The owner of a New Hampshire-based export business pleaded guilty Monday to smuggling machinery from the United States to Iran in violation of export controls, federal prosecutors announced.

Tennessee resident Aiden Davidson, 32, pleaded guilty to two felony smuggling charges. Davidson went by the name of Hamed Aliabadi until he became an American citizen in November 2016, according to court papers.

Prosecutors say Davidson’s New Hampshire company — the Manchester-based Golden Gate International LLC — shipped motors, displacement pumps, pumps, valves and other machinery items to Iran.

The office of U.S. Attorney Scott Murray said there are no allegations that the material was used by the Iranian military.

Prosecutors said Golden Gate shipments left the United States from Savannah, Ga., and went to Turkish companies, one a freight forwarding company just 30 miles from the Iranian border.

The products eventually ended up in Iran.

Davidson admitted to twice smuggling machinery between 2016 and 2017; one shipment was valued at $100,000, the other at $13,000.

“The controls on exports to Iran help apply maximum pressure on Iran to end its promotion of instability and terrorism worldwide,” said William Higgins, special agent in charge of the Boston field office of the U.S. Department of Commerce, Office of Export Enforcement. He said his office will continue work to stem illicit trade that threatens U.S. national security and undermines U.S. foreign policy.

Higgins’ remarks were distributed by Murray, the top federal prosecutor in New Hampshire.

Davidson’s lawyer — Boston lawyer J.W. Carney Jr. — would not comment.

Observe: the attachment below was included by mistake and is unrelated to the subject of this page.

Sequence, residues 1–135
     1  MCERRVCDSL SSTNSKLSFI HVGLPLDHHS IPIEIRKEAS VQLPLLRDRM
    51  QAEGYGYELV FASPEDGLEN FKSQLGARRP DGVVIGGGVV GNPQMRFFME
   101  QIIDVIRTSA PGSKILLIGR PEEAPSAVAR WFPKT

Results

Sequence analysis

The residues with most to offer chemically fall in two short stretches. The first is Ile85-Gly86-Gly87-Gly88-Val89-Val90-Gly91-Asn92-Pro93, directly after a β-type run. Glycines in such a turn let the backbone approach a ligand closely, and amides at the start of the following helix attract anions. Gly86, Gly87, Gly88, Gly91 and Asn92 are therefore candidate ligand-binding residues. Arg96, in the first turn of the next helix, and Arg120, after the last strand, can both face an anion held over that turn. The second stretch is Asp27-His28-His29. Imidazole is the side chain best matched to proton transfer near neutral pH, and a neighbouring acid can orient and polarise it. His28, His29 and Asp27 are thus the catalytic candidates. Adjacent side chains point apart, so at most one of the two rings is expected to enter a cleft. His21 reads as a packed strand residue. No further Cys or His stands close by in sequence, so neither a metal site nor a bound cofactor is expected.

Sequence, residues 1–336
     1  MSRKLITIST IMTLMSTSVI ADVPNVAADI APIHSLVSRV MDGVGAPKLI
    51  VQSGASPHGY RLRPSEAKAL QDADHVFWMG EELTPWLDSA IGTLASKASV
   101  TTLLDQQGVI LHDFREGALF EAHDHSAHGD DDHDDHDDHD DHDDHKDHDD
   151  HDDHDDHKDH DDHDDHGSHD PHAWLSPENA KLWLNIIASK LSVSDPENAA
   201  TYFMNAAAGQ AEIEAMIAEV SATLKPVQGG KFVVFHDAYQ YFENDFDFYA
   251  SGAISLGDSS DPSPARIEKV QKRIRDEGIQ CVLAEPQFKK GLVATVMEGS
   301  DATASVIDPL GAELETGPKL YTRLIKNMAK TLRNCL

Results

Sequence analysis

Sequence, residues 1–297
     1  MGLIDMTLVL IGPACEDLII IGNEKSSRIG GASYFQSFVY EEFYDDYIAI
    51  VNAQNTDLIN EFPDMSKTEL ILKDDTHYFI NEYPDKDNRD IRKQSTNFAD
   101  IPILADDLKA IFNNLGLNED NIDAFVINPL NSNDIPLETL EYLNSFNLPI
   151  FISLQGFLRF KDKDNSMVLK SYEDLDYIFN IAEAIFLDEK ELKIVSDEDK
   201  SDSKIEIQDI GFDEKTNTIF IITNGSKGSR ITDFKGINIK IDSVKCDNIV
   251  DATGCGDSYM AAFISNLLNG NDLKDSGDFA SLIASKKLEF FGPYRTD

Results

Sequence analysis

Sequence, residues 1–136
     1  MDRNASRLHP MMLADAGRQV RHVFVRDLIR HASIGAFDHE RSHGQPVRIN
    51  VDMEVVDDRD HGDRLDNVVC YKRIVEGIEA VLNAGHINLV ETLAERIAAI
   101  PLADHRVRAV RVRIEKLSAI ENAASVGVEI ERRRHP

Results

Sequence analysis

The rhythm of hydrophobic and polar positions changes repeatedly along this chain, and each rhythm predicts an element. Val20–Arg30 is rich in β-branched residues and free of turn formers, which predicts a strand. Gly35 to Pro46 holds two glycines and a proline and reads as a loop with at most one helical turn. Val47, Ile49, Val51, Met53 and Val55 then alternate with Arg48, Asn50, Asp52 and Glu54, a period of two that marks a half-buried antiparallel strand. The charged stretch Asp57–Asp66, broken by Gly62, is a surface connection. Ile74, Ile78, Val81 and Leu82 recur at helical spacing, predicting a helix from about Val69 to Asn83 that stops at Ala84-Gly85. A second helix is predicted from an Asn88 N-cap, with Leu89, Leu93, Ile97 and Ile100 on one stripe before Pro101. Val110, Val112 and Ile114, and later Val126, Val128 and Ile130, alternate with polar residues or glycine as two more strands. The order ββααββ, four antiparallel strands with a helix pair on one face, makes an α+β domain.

The New Hampshire Secretary of State lists Aliabadi as the member-manager of the Golden Gate with a principal address of 80 Dunbarton Road, Apt. 23. The last year that Aliabadi filed business reports was in 2017, and the business has since been administratively dissolved, according to the website.

He moved from the Manchester apartment to Tenessee in late 2017, Murray’s office said.

According to court records, federal officials placed tracking devices on Golden Gate shipping containers in Savannah in December 2016 and traced their route through Turkey, Bazagan, Iran, and eventually on to Tehran.

Armed with that information, investigators applied for search warrants and obtained access to his email and bank records. Davidson’s lawyers challenged the warrants, claiming that the only reason that Commerce Department officials placed tracking devices on the shipments was Davidson’s frequent trips to Iran to visit family.

A judge eventually ruled against the warrant challenge.

As part of the guilty plea, prosecutors dropped other charges that included money laundering, unlawful procurement of naturalization and conspiracy to violate the International Emergency Economic Powers Act. Prosecutors plan to ask U.S. District Court Judge Joseph Laplante to sentence Davidson to the lower end of the federal sentencing guideline recommendation, but filings did not designate how much time that amounts to.

Federal law calls for a maximum sentence of 10 years in prison on a smuggling conviction, but Laplante will be able to take many other factors into considereation at sentencing.

A sentencing hearing is scheduled for June 17.

Days after his September 2018 arrest, Davidson was freed on a $5,000 bond.

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